Poljcthyicne :fo.am Cellular p,olyeihyleflJe

1.1),

1.6
2,.3 2.5

variousmaterials are listed in Table ·~1. The .optimum power distribution 11ncwou.ld be one with parallel flat ct.ll1l.dwc:tors, .as wiele as possible, pla~cecl one OR top o.f the other, and .as close together as pus-sib le. Toe demonstrate. the difilc1!lh.y· involved in providing power' dls~tiil;n~L]on 'systems w'ith \'e[y~.ow im pet)<moe,.il ishelpful 'to" ·w.o:,k sJo,llle.nu-IP ~d~<1.1
examples. Fir.st co nsider 'two round parallel wi res spaced l ..~ times the; r d~arneter apart wi t h Teflon dielectric. The eharacteris toe lmpedanceis <is follows: Z(l

].3

Tellon

Polyelllyl.e.tle.
PolyStyrene

2.1
3,(1

Nylon Sillcon rubbe f 'F'ol}'I.'in}'kh!orlde (PVC)

3.1 .
35 '3,6

E.poxy re.sil1

(2.l)ii2 cosh

-1'2.0

.'

-1 .(. -

1.::.)= 80

..

n.

Delrin Epoxy g!as~ Mylar Polyuretftane

3.7 4.1
.5.0 7.. 0 1125

1126

T (the did:octric had b.e~:nflj[. f~i;.imp'I:::.d8!iic.c' w€.l',Il1ej. be 1]5 i);. l'he8rGl ual lmpedanee it> t~d.wt;en these two. values ~'lnil:epart qf U~~:field is in T;eflon and part im. . air . A v:a'luc ·Of· LOOn is reasonable In lhi~e.a~". As "<;l 'Second el'{,impi"e, take two Hat .coaducrors O.O{i27·-iltl.llhi·ck. b:y,~'·cn5":in, wl(le, placed s]d~ br' side. dtr .",po lil¢d w~ri1?'lgbom.'.d made of~nepcrx:yrtt<3i-ll. I f: they BiFe spaced' e~o5-ill.·apart, tile ¢hmac,te.i:bit.]Cirnpi:':d.anec ;~ 61) ""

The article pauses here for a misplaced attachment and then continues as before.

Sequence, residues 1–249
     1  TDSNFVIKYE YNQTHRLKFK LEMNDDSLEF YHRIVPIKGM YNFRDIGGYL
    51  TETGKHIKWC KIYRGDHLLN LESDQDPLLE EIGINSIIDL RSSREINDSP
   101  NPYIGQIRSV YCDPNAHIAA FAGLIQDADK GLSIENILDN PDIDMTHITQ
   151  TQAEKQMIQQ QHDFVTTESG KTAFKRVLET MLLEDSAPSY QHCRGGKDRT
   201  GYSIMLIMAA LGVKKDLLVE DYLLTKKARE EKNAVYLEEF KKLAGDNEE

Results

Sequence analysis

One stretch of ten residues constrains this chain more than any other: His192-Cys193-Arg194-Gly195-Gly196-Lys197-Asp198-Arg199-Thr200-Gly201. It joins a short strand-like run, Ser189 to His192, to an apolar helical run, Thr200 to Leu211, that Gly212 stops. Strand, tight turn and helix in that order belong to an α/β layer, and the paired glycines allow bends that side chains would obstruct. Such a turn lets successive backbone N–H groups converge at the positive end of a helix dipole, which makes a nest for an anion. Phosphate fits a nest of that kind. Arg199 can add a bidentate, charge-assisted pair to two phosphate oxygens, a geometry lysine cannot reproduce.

C).ufO

120

(U'lT =

In 0.0527

]]3

p.

t,

For an .8!~r dlelecrric the impedanoe

somewhere between

theii<l.t two"